Hi, I am helping to organize the FreeBSD developer summit colocated
with BSDCan in Ottawa, Canada. I have noticed several e-mails from
folks at Adara Networks on the mailing lists, and as a project we
are always eager to interact with companies and individuals using
FreeBSD. To that end, we would be very happy to have you or people
from your teams attend.
The summit is held during the two days preceding the BSDCan talk
sessions: Wednesday, May 11th and Thursday, May 12th. The first day
of the developer summit will consist of several half-day working group
sessions. Each session will be focused on a specific topic and is
chaired by a FreeBSD developer. These sessions are invite only and
are also limited in terms of space, so must e-mail the session chair
directly to apply for a spot in a session. Working group requests
must also be cc'd to email@example.com so that we can keep track
of overall attendance. The working groups are listed below and on the
devsummit wiki at:
On the second day of the summit we will be planning the release
of FreeBSD 9.0, as well as a session on what the project will
be working on for FreeBSD 10.0. We will also have a session
where the working groups summarize their work from the previous day.
One change for this year is that the short talks normally given during
the developer summit will now be available to all BSDCan attendees in
a FreeBSD developer summit track during the BSDCan talk sessions on
Friday, May 13th and Saturday, May 14th.
The working groups for the developer summit this year are:
Morning Sessions (9:00 - 12:00 on Wednesday, May 11th)
Vendor Summit headed by George Neville-Neil (gnn@FreeBSD.org)
FreeBSD has many companies as customers, some of which have needs
in common and some of which have divergent needs. The purpose of
this working group is to give these customers the ability to give
feedback to the project in such a way that it can all be collected
and analyzed in one place as well as giving the various
constituents the ability to figure out what they do and do not
have in common. Furthermore this will be a forum for the project
to learn about features or code that have been developed outside
the project, but which would benefit from being offloaded from our
customers and included in the base system.
Ports headed by Erwin Lansing (erwin@FreeBSD.org)
The biggest challange the ports framework faces today is the ease
of upgrading an previously installed system. While the upgrade
path by building from source is handled quite well by external
tools like portupgrade and portmaster, using prebuilt binary
packages downloaded from the official FreeBSD mirrors is not that
easy. This session should end with a better strategy on how to
move forward with pkg_* tools and binary packages within the
restraints set by cluster and distribution resources.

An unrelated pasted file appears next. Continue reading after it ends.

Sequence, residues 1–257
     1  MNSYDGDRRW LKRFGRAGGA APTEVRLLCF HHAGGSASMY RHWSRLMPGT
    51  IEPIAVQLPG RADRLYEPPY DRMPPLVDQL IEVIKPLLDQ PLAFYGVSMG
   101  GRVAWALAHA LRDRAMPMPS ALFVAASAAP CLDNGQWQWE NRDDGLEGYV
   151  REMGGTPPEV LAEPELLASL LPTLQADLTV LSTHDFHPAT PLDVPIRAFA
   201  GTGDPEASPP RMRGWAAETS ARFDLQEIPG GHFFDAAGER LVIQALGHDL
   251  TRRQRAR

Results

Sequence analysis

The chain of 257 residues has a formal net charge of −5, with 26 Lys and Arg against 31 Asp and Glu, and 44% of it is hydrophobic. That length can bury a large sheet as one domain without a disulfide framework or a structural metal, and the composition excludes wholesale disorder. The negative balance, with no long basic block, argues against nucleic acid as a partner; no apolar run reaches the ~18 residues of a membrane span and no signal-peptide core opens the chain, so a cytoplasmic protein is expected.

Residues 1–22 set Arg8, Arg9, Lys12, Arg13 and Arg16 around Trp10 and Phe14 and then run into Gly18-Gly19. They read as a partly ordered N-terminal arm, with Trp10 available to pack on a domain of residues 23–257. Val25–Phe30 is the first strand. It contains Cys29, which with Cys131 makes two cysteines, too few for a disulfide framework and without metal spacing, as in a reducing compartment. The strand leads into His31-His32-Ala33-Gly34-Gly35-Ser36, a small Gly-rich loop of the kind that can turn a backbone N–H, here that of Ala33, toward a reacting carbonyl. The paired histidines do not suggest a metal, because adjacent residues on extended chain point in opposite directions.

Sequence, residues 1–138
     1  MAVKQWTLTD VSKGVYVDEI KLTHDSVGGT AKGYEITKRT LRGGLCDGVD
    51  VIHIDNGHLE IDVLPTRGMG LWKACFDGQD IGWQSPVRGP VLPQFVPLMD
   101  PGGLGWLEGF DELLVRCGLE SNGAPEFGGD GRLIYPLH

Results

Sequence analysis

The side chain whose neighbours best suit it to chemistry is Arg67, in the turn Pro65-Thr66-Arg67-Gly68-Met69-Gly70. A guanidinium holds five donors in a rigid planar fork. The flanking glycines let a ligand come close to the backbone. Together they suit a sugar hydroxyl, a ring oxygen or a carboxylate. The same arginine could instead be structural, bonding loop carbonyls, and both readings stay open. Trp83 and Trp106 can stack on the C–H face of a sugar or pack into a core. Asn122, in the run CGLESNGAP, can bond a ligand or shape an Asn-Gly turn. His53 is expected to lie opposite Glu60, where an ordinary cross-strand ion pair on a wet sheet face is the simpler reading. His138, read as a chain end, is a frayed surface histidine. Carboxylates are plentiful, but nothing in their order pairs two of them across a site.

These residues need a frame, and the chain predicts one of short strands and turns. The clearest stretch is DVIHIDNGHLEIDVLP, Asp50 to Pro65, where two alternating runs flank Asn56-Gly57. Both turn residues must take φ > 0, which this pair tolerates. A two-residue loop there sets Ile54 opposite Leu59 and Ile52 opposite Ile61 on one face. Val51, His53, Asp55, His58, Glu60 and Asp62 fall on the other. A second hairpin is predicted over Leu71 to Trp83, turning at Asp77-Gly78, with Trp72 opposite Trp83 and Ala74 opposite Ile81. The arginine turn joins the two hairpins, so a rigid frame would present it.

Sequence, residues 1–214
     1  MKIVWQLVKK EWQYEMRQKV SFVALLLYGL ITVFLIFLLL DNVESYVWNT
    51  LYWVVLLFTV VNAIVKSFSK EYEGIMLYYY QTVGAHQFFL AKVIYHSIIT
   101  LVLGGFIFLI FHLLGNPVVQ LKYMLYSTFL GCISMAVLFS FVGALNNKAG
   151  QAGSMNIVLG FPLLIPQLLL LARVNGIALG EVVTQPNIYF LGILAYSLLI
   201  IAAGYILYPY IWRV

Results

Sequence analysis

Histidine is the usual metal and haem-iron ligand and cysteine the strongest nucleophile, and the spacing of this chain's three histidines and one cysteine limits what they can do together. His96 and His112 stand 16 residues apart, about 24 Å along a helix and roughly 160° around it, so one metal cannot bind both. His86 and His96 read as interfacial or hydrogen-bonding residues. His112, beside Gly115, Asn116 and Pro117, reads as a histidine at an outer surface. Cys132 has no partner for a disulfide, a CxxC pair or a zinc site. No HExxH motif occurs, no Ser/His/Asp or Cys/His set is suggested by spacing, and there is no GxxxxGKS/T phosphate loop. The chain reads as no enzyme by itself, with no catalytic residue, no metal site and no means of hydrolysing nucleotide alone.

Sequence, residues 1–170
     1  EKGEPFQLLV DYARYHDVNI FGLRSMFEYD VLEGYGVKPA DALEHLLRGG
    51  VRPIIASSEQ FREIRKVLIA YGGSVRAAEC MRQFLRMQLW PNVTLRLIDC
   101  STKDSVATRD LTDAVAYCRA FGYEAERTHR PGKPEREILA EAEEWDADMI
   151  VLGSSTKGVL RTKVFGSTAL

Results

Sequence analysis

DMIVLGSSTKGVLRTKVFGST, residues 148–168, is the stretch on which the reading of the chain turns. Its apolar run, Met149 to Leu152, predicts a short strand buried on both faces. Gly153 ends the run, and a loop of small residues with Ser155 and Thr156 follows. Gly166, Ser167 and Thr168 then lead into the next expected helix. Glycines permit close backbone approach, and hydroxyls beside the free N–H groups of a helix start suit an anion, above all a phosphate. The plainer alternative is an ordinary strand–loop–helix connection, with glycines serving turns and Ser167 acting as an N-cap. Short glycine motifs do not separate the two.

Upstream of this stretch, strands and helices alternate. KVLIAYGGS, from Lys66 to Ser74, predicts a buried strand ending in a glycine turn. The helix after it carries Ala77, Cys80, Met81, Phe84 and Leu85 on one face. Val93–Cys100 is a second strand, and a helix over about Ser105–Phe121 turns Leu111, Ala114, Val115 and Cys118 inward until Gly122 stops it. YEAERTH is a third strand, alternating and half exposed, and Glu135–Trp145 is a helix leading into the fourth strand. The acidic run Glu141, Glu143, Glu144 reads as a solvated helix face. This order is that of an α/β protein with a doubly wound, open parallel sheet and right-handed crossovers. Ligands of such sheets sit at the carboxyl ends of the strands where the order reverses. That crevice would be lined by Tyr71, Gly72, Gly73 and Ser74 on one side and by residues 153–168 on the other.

Additionally, guidelines need to be set for the use of the
recently added license framework.
Early Afternoon Sessions (13:00 - 14:30 on Wednesday, May 11th)
Capsicum headed by Robert Watson (rwatson@FreeBSD.org)
Capsicum (practical capabilities for UNIX) is a security
sandboxing scheme targeted at application compartmentalisation,
and will ship in FreeBSD 9.x, developed in collaboration between
the University of Cambridge, Google, and the FreeBSD
Project. Capsicum supplements traditional discretionary and
mandatory access control in FreeBSD by allowing applications to
define their own internal security compartmentalisation. The goal
of this session is to look at Capsicum features, look at how they
might be integrated with base system applications (server daemons
and command line tools) and third party applications (Chromium,
KDE, PDF rendering, ...). We will also consider current design
choices and known issues, such as the adopting of an IDL between
components, as well as potential future directions.
Virtualization headed by Justin Gibbs (gibbs@FreeBSD.org)
This group will focus on using FreeBSD with virtual machines and
will include topics such as Xen, hypervisors, etc.
Late Afternoon Sessions (15:00 - 16:30 on Wednesday, May 11th)
Networking headed by Bjoern Zeeb (bz@FreeBSD.org)
The group will focus on network layer 2 to layer 5 topics. The
main goal will be to identify where we are, what ideas, plans or
needs exist for the upcoming 9.x and 10.x releases, as well as
identifying people to drive indivual projects.
PCI headed by John Baldwin (jhb@FreeBSD.org)
There are several gaps in FreeBSD's PCI support. Many of these
gaps are features needed by multiple commercial consumers of
FreeBSD. A specific example is HotPlug PCI. The goal would be to
gather representatives from multiple interested parties all in the
same room and hash out plans for each of the desired PCI features
as well as to establish the priority of each of of the desired
features. Other topics may include PCI advanced error reporting
and improvements to resource management.
File Systems headed by Kirk McKusick (mckusick@FreeBSD.org)
This group will focus on file system topics such as SoftUpdates
with Journalling in UFS, possible features for a UFS3, NFS, and
adding missing lock (or removing) filesystems that are not yet
The fee for the devsummit is $65 CDN and includes lunch and snacks for
both days of the developer summit.
If you have any questions or would like to attend, please let myself
or one of the other organizers know. You can reach us at